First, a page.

It has been a less than ideal start to Porcello’s defense of his Cy Young award, as the 28-year-old has allowed at least three runs in each of his four starts. (As an aside, am I the only one who continuously forgets that Porcello is so young? This is his ninth season in the majors, and he’s thrown just shy of 1500 IP.) His peripherals remain strong – particularly his 21.1 K% and 4.6 BB% – but he’s been hit hard (only seven pitchers have surrendered a higher hard-hit percentage), and it shows in his 5.32 ERA and 1.90 HR/9.

Porcello is a true five offering pitcher, with a couple of low-90s fastballs, a slider, a curveball, and a change-up. He usually racks up grounders with the fastball, and picks up whiffs on the slider and change piece.

Last Outing (vs. TOR on 4/19) – 7 IP, 6 H, 3 R, 1 BB, 5 K

Thursday (7:10 PM EST): RHP Masahiro Tanaka vs. LHP Chris Sale

The Red Sox paid a king’s ransom for Sale this off-season, and he has been well worth the price thus far. His line to date: 29.2 IP, 15 H, 6 BB, 42 K, 0.91 ERA, 1.10 FIP, 1.5 fWAR. Sale’s obscene 38.9% strikeout rate leads the majors, as does his 33.3 K-BB%. There was some concern about his dip in velocity and strikeouts last season, but pitching to contact and saving some stress was the game plan in 2016 – this year’s strategy seems to be making opposing hitters look foolish.

Sale throws two low-to-mid 90s fastballs (a four-seamer and a two-seamer), a mid-80s change-up, and a high-70s slider that may well be illegal in some jurisdictions. He generates whiffs on all four pitches, to boot.

Last Outing (vs. TOR on 4/20) – 8 IP, 4 H, 0 R, 1 BB, 13 K

The Bullpen

The Red Sox acquired Carson Smith to be the set-up man last year, and he pitched three games before going under the knife. They picked-up Tyler Thornburg to fill that role in 2017, and he has yet to pitch due to a shoulder issue. Their bullpen nevertheless remains fairly stout, with Craig Kimbrel closing, and Heath Hembree and Joe Kelly doing a fine job in the middle innings. The group as a whole sports a 2.21 ERA, and most everyone should be available for the upcoming series due to Monday’s off-day.

Yankees Connection

These two teams rarely come together as trade partners, and understandably so. As a result of this, OF Chris Young is the only former Yankee on the Red Sox roster. He’s currently batting .225/.344/.283 (82 wRC+) in part-time duty, after putting up a solid 125 wRC+ in a similar role in 2016. Also, hitting coach Chili Davis played for the Yankees in 1998 and 1999, and third base coach Brian Butterfield spent many years with the Yankees in many different capacities.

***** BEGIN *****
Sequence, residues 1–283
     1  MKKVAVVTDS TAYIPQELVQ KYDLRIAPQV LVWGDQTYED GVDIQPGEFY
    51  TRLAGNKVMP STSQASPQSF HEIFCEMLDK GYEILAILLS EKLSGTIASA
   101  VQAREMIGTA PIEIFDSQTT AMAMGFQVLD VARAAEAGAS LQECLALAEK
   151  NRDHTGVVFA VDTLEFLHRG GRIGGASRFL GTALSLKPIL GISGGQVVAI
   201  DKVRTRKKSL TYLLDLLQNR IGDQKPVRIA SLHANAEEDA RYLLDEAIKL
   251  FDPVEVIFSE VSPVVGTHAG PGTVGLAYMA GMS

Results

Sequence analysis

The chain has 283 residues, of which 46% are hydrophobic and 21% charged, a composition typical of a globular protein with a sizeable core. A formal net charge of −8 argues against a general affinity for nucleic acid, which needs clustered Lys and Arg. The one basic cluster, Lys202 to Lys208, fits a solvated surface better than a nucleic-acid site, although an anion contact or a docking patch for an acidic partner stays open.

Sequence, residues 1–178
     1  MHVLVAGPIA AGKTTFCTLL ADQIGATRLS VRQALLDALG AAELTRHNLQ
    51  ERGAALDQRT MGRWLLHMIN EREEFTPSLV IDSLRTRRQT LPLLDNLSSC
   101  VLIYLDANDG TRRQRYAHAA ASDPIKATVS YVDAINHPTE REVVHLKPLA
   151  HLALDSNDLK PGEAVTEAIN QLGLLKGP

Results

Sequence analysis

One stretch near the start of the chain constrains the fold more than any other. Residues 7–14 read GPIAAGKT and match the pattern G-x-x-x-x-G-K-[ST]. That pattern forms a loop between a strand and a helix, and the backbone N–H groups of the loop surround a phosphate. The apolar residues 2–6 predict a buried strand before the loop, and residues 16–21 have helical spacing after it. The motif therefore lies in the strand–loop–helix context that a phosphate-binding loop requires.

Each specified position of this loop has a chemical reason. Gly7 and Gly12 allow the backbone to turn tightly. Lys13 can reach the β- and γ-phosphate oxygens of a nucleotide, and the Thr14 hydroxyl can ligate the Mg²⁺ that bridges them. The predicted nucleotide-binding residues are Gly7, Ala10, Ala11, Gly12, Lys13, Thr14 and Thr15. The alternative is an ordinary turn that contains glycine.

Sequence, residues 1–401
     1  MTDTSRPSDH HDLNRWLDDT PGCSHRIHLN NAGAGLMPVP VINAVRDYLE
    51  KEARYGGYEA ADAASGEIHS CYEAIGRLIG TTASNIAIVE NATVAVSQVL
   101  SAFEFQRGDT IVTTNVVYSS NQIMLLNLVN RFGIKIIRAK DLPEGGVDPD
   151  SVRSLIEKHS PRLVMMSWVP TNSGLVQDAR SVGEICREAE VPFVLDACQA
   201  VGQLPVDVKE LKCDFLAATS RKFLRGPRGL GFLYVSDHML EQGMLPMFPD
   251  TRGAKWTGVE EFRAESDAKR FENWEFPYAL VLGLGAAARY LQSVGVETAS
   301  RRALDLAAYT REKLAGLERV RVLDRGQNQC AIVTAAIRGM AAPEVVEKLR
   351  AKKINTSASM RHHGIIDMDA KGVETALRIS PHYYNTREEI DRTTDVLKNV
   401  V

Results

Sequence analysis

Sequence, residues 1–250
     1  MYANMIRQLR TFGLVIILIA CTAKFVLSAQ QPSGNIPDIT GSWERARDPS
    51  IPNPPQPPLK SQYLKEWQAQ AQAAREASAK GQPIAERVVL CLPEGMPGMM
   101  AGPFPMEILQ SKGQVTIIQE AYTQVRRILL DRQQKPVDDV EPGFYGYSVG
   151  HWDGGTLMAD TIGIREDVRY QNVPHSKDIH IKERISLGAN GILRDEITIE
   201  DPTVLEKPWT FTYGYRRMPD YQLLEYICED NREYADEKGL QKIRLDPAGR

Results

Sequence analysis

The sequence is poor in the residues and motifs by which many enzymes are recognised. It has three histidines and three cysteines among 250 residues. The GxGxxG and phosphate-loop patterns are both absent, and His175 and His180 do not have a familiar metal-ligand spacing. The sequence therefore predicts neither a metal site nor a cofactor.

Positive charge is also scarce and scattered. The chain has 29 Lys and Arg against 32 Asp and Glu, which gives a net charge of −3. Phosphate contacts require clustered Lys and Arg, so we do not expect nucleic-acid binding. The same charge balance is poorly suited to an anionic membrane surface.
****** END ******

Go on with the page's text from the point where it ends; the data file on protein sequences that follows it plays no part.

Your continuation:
The Yankees have two former Red Sox on the roster in Jacoby Ellsbury and Tommy Layne.

Who (Or What) To Watch

If the season ended today, Andrew Benintendi might just be Aaron Judge‘s chief competition for Rookie of the Year. The 22-year-old is currently batting .347/.415/.444 (146 wRC+) with a 8.5 BB% and 12.2 K%. He’s also reached base safely in 16 of 18 games thus far. As much as I would like to mock his lack of power, he has some of the best pure bat-to-ball skills around right now. Between Benintendi, Bradley, and Betts, the Red Sox have three young and very good outfielders that are sure to frustrate the lot of us for the next several years.

I wish I could quit Starlin Castro

(Elsa/Getty Images North America)
(Elsa/Getty Images North America)

Starlin Castro is not a very good major league baseball player. This is something that precious few people would find shocking or inaccurate, and yet I feel the need to say it. His career 97 wRC+ is a bit above-average for a middle infielder, but, when combined with his subpar defense and middling to poor base-running it leads to an average of 1.8 fWAR per 150 games. If you squint, you can easily convince yourself that Castro is an average big leaguer – I just happen to take it a step further.